In Light of the Sun by SP Hannaway

A whisper of blue: a light, soft and shimmering. It floats in from a place beyond the rise of mountains, the wilderness of rock – from somewhere out there.

Blume’s glad of it; the company. It feels familiar. It gives life to his roughened hands. It electrifies the blue in his eyes.


His glasses are taped together, grubby. There’re smudges from the night before; touches of fingertips – he always pushes them up off his face as he checks his work, steps back, dives in – flecks of acrylic, gesso. He grabs the end of his clammy shirt to wipe them. He has to see this new and delicate light.

It’s shy. It slips through the wrought-iron grille and hovers next to Blume. It has a texture; body. He reaches out, tries to take it. It throws little looping shadows on the bare floor, across his bony feet. It seems to pulse. Or else Blume’s in a daze. He has one of his morning heads. He’s not getting younger: the years pile up like stones. He can’t remember much about the night just gone: the hit of sleep. He remembers working, feeling alive, possessed.

Outside, the light swells. Blume pushes up his specs and peers through the opening. He doesn’t know this place, or its ways; hushed talk of mountain gods, a high cave. He’s the outsider, the loner. He isn’t trusted. He took the empty upper room as a retreat; somewhere to be unseen; to see. Rugs hang from a half-built house across the way. There are diamond shapes, ladders: reds, browns. Electric wires hum high up, swing from a sun-fried pole.


There’s panic in the air. Black sickle shapes dart across the sky. Swifts scream. Blume leans his lanky frame further in, desperate to see. They shoot past his window – an explosion of birds. Three, four, a multitude. They’re fleeing. And Blume wants to fly with them. If they can fly, why can’t he? Retreat to the mountain shadow: escape the sun.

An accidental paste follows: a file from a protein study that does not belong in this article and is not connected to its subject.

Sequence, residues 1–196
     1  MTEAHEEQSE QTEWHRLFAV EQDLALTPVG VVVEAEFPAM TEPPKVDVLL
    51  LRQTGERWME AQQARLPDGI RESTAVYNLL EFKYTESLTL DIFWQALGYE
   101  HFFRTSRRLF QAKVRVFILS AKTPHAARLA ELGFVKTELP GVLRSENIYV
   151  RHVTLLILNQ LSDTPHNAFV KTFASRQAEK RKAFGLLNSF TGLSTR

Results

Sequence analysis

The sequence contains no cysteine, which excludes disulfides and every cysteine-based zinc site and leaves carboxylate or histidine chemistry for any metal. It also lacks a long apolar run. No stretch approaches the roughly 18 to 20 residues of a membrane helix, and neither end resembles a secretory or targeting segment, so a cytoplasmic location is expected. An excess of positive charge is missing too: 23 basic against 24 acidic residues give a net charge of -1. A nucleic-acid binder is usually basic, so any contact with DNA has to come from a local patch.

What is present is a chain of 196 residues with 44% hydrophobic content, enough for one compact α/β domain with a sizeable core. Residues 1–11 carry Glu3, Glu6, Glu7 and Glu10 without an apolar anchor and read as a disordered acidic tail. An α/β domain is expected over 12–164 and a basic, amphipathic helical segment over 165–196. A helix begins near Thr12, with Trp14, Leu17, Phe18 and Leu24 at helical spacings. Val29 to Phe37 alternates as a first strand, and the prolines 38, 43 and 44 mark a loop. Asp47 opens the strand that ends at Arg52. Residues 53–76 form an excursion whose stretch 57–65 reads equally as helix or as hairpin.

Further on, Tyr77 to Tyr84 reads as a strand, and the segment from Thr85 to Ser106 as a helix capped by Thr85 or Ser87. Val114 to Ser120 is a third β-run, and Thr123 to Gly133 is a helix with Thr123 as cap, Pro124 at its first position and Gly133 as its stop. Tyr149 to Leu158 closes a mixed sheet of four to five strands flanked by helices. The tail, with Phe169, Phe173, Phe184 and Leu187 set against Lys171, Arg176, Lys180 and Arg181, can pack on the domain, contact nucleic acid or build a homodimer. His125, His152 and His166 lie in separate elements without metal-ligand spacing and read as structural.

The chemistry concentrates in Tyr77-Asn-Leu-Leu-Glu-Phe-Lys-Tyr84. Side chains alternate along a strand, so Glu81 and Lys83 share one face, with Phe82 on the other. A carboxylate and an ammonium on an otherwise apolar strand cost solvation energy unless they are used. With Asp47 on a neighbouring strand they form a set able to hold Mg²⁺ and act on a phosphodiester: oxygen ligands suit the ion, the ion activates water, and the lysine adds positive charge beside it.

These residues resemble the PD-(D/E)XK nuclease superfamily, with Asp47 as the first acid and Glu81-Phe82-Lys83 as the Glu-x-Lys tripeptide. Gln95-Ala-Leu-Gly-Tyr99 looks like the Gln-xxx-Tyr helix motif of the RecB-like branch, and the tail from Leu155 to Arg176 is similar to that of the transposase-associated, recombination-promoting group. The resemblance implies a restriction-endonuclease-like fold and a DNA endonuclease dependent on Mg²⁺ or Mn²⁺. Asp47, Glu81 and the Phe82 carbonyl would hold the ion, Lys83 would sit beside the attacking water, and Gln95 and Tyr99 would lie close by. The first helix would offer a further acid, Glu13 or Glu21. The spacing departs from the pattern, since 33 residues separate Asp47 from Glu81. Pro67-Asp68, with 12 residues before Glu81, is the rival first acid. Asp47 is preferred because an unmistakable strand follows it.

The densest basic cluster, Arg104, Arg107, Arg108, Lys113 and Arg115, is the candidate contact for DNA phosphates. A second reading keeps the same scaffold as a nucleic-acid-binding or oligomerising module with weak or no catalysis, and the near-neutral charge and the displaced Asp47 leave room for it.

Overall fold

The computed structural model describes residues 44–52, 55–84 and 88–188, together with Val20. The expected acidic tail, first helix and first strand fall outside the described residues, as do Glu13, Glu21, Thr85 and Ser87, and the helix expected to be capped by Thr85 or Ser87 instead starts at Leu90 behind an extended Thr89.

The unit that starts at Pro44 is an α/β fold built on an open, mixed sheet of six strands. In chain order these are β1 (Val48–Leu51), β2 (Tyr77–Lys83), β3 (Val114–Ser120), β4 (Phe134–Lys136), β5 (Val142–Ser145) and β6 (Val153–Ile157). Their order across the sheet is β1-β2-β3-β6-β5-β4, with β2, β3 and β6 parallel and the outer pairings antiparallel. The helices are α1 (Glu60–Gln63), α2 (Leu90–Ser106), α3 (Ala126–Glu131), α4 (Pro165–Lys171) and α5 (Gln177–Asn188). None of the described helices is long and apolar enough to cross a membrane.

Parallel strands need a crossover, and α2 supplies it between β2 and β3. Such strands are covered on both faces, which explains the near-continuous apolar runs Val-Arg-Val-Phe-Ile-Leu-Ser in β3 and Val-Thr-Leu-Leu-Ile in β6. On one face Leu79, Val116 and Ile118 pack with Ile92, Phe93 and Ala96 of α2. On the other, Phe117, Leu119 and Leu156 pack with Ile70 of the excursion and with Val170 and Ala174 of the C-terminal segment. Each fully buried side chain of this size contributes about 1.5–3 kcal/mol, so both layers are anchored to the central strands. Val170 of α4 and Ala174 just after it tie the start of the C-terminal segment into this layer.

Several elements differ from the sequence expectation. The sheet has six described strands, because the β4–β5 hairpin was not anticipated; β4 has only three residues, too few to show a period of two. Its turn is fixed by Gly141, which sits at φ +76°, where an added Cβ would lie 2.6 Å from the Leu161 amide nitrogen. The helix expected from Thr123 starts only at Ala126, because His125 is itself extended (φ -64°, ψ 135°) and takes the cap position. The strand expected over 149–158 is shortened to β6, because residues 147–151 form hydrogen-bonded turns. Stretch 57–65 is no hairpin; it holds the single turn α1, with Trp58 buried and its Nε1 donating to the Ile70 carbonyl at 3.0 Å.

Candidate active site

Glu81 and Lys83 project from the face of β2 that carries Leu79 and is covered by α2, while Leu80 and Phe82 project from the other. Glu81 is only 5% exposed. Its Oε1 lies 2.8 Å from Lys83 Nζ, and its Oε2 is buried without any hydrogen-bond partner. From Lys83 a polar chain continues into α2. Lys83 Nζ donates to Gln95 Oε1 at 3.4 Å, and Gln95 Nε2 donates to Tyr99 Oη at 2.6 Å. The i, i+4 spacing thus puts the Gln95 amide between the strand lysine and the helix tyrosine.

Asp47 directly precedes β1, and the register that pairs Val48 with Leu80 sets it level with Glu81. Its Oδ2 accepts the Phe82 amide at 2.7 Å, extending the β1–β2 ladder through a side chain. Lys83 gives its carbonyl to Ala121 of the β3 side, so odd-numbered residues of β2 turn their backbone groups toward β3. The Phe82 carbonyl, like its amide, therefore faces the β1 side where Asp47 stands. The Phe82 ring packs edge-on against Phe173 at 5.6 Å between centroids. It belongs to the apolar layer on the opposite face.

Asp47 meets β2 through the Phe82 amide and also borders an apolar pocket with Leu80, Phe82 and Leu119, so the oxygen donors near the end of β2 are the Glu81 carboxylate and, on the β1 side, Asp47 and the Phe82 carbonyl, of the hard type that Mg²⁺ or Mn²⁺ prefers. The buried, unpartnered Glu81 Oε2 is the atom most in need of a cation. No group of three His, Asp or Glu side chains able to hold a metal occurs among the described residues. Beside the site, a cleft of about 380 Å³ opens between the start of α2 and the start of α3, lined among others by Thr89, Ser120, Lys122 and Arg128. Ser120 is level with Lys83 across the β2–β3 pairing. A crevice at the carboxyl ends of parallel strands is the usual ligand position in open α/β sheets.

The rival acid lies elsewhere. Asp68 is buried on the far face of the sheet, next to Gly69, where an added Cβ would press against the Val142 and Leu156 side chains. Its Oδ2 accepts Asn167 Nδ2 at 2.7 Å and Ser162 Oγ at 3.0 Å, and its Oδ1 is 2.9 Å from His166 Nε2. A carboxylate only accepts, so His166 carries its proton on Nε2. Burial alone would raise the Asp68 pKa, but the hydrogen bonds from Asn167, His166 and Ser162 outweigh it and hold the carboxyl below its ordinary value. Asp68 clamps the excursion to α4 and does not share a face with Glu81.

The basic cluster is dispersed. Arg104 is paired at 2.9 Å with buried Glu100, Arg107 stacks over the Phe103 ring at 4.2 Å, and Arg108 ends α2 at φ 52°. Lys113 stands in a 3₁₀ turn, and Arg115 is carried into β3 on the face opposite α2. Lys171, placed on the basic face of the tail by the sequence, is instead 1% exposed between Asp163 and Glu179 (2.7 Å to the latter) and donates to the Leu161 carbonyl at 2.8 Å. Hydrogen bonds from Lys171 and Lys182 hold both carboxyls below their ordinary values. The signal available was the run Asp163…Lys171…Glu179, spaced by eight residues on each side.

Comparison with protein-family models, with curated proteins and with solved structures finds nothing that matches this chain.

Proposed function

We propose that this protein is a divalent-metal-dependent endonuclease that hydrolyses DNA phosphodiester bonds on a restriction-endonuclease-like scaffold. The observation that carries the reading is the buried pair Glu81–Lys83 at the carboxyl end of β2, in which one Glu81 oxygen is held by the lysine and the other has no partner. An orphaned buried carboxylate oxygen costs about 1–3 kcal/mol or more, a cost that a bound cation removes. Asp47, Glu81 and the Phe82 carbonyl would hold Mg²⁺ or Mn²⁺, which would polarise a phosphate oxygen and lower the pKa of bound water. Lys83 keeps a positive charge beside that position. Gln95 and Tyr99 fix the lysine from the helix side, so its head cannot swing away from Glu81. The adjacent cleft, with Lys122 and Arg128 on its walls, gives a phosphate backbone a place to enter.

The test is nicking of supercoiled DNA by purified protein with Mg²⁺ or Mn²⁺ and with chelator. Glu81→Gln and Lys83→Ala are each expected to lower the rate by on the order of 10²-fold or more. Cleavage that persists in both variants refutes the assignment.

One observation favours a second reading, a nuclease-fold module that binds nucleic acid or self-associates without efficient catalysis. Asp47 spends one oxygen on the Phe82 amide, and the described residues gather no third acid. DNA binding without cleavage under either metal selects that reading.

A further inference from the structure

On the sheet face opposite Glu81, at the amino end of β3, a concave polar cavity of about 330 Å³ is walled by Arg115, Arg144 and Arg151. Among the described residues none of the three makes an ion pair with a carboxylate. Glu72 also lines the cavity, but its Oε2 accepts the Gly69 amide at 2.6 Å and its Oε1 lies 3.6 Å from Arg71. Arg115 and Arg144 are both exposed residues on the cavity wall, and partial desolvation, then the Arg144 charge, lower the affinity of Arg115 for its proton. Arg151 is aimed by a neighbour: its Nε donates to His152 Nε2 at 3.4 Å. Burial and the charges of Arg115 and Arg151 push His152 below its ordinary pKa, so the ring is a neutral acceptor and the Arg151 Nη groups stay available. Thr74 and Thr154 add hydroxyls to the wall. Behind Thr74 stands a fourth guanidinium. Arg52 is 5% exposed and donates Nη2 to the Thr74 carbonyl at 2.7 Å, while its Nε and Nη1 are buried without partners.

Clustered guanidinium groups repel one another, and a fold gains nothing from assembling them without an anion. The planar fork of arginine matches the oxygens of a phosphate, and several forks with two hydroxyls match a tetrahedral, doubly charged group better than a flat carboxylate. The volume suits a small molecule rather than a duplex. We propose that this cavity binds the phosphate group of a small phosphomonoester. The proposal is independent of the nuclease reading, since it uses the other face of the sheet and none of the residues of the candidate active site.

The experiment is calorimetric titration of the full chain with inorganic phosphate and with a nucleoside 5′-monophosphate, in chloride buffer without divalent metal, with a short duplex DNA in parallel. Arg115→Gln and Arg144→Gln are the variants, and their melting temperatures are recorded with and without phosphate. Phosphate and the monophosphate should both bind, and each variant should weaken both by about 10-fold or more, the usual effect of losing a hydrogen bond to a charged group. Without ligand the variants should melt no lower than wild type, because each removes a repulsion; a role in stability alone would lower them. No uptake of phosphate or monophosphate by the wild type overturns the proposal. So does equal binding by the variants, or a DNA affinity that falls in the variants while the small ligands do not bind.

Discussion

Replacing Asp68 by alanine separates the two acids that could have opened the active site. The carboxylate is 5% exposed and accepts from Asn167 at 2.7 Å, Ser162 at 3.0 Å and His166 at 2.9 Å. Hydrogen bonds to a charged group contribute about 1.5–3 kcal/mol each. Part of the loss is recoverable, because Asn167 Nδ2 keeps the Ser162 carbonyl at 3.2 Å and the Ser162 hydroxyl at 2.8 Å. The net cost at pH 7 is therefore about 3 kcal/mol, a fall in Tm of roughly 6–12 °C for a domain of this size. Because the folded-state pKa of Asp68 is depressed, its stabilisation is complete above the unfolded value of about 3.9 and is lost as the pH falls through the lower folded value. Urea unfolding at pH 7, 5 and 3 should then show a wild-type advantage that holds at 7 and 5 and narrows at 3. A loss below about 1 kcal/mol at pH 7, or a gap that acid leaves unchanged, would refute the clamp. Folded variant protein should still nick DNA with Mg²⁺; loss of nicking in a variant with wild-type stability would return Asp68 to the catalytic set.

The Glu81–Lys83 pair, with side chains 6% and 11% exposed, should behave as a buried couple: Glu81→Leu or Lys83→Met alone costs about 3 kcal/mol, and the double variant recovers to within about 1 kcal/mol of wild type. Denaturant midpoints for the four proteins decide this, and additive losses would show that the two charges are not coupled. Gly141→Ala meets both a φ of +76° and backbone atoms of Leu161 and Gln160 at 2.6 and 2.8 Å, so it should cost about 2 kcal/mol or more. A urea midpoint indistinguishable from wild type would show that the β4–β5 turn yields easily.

Where’s the flat brush? And the palette knife, the pointy one: the scraper, the digger? Blume roots about, scuffing his heels. He’s lost: distracted by dreams. In the dead of night, it’s a grim world: the abandoned room, the naked bulb dangling low, crackling in the cooling air. He has to get going. He folds the mattress up, kicks it to the side. He rummages in the mountain of paints piled in the corner, and grabs the pumice. How did it get in there? He needs the ground-up rock for roughness, for bulk. And it’ll draw the light. He can’t work in the day. The heat rattles him: the sun cooks the tiles over his head. The light blinds.

With a rag tucked in his jeans, a plastic bucket by his feet, he looks down at his work, at the six-foot boards lying next to each other, laid out. Already – it’s only been a day – he doesn’t recognise it, what’s happened. It doesn’t belong to him. It’s someone else’s palette: hard, forced. Someone else’s brush. He doesn’t know how to approach it, what to do.